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Let me throw this in the mix as I have been debating using sts for a native setup I am working on. I have generally hard water. Ph 8 gh 8 kh 11 or so give or take. So my thought is to pre-charge with ferts as described by @Maryland Guppy and agricultural limestone which in my part of the country is readily available. My reasoning behind this idea is our village water comes from limestone wells. Our water will plug up a coffee pot with lime deposits in no time. So if I pre-charge sts with nutes and lime I should be able to avoid any drop in gh or kh when placed in the aquarium as the sts will already be at equilibrium with the water. Thoughts?
 

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That is a good idea.
You could simply soak the STS in tap water, since it is so hard. Monitor the GH and KH in the water, and do a water change as it drops. When the STS no longer removes the minerals and GH and KH stabilize, it is ready for use.
 

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Thanks for the tips guys.

It will be a planted tank and I am precharging part of the substrate as we speak. But I only added micros and NPK. And I kind of eyeballed it.

When adding baking soda and equilibrium, how long does it take for the change to happen? And long does it last?

And is the regular arm&hammer baking soda OK to use? And when you say that a 1/2 teaspoon increases 3 gallons by 3.0 dKH, do I need to increase the amount by about 23 in order change about 70 gallons of water?

My current parameters are:

PH: 7.8
Dkh: 6
Dgh: 10

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Hi pauliewoz,

I apologize, my post above was incorrect; approximately 1/4 teaspoon of baking soda will raise dKH by 3.0. I corrected the post above.

The 'charging process' takes place almost instantaneously, when I poured my pre-mix solution into my dry STS I could literally see the fluid level drop as the substrate absorbed the solution. After I pre-charged my substrate then I did a regular washing to remove the dust and 'fines'. I wasn't worried about washing out the pre-charge solution since it was absorbed first; I figured at most I may have diluted the mineral levels in the STS but I suspect not much.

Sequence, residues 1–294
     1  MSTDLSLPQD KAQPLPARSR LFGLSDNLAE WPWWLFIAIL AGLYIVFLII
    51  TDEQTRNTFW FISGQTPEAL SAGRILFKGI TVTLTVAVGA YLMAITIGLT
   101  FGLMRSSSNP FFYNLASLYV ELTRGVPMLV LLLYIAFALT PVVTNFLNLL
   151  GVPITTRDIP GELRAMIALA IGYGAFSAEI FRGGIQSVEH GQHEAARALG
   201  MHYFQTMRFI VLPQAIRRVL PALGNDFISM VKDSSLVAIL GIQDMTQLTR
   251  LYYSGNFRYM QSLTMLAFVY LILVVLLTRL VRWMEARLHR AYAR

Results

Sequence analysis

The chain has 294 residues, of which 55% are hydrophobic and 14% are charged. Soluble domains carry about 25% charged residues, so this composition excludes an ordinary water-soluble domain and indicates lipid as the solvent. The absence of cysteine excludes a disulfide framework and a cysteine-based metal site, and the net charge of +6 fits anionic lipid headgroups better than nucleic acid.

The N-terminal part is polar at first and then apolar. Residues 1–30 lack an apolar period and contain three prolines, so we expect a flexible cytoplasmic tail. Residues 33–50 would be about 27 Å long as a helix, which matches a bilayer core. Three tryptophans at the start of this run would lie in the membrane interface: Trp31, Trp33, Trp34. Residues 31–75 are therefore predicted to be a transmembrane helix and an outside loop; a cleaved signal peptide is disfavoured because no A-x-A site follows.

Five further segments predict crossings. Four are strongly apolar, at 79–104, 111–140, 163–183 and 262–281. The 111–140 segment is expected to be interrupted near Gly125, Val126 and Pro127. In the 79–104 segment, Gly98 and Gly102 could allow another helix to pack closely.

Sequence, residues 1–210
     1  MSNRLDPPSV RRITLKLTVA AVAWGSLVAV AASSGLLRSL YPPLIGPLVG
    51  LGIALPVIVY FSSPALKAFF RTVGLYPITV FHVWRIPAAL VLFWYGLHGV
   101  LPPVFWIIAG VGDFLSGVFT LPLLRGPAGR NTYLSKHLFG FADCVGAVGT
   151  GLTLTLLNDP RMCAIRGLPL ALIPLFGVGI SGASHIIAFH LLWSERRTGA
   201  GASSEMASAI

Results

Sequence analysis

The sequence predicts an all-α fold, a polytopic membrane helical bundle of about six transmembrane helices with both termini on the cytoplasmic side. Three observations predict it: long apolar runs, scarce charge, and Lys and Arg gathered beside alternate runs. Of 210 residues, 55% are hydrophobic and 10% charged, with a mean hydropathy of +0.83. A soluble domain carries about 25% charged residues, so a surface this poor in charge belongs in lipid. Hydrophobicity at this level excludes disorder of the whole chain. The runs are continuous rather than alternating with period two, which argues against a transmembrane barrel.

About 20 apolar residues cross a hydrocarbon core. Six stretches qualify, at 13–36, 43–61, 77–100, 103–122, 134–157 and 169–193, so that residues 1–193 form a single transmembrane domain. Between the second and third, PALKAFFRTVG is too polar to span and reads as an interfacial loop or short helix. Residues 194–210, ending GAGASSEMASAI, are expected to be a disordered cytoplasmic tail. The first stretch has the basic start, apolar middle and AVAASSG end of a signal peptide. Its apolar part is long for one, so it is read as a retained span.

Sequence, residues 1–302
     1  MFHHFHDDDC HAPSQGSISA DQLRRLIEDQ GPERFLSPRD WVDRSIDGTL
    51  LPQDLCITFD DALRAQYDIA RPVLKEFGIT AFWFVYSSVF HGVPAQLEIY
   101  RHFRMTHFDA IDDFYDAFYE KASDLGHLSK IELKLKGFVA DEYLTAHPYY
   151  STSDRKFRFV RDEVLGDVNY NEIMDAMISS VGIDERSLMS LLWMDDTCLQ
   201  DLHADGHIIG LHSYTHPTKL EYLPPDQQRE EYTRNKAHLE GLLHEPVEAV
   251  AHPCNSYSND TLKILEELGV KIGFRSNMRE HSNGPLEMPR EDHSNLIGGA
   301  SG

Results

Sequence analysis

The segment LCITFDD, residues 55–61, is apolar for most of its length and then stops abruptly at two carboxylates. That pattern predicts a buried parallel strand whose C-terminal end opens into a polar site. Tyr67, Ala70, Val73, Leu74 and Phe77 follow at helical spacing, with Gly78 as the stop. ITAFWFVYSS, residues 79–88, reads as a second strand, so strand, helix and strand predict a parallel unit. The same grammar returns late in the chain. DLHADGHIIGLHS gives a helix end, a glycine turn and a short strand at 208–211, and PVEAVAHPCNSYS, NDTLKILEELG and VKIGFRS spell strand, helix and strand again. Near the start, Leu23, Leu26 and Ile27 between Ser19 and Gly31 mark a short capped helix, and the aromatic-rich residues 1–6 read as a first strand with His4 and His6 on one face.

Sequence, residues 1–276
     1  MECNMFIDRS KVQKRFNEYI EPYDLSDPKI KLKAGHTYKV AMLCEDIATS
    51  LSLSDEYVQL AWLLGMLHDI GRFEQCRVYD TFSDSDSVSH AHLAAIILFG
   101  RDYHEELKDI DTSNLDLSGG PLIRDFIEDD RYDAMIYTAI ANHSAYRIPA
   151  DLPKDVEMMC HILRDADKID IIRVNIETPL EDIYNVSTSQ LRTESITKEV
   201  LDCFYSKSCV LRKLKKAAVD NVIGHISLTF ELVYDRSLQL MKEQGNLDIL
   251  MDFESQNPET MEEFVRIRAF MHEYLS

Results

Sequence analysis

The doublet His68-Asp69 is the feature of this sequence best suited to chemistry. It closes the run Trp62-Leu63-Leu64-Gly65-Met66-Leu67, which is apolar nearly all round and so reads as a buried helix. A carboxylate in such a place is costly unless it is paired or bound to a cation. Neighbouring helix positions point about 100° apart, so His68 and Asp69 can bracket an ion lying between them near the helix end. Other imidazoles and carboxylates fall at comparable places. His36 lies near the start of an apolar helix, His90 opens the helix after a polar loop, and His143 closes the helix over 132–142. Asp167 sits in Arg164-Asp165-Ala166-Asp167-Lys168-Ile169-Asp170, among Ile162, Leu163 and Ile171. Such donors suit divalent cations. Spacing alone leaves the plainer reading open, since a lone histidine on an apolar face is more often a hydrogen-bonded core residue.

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Discussion Starter · #10 ·
Thanks for everyone's help. I thought I would get the new aquarium up and running last weekend but the STS rinsing took a lot longer than expected.

Maybe I'll get to do it tomorrow and I'll let you know how it goes.

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Discussion Starter · #11 ·
So I finally got around to setting up the tank. It's not completely done, but almost there.

I just can't wait for the cloudy water to clear. Using STS and sand is definitely not helping the situation.

I tested my pH this morning and it did not drop too much over night. So it looks like precharging with baking soda helped. I didn't have time to check kH, I'll do that after work.


Here are some pics.











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I'm curious after having been sitting what your parameters are now. Would you be willing to share ph, kh, and gh now vs when you started? I have been considering using sts and this has been one of my concerns.
 

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Discussion Starter · #16 ·
I'm curious after having been sitting what your parameters are now. Would you be willing to share ph, kh, and gh now vs when you started? I have been considering using sts and this has been one of my concerns.
That was my concern as well. But the very helpful people of this forum told me to precharge STS with baking soda before hand. So that's what I did in a bucket for a few hours. I just dumped a whole bunch of the baking soda without measuring.

My ph, kh and GH still dropped a bit but not much. I have the results written down at home but if I remember correctly my old tank was:

PH - 7.8
Kh - 6
Gh - 10

New tank with STS was:

PH - 7.2
Kh 5
Gh 8

I did add a teaspoon of baking soda to the tank to match the parameters to my old tank so that my fish don't get shocked.

Maybe if I would have charged it with more baking soda for a longer time I wouldn't see any drops at all.

The one thing that I'm not too crazy about is the amount of dust that settled on my plants and driftwood. I thought I rinsed it good, but I guess not good enough. Next time I would definitely take more time and rinse it through a screening.

It's also pretty light, but not too bad. Plants with small roots might have to be anchored down somehow.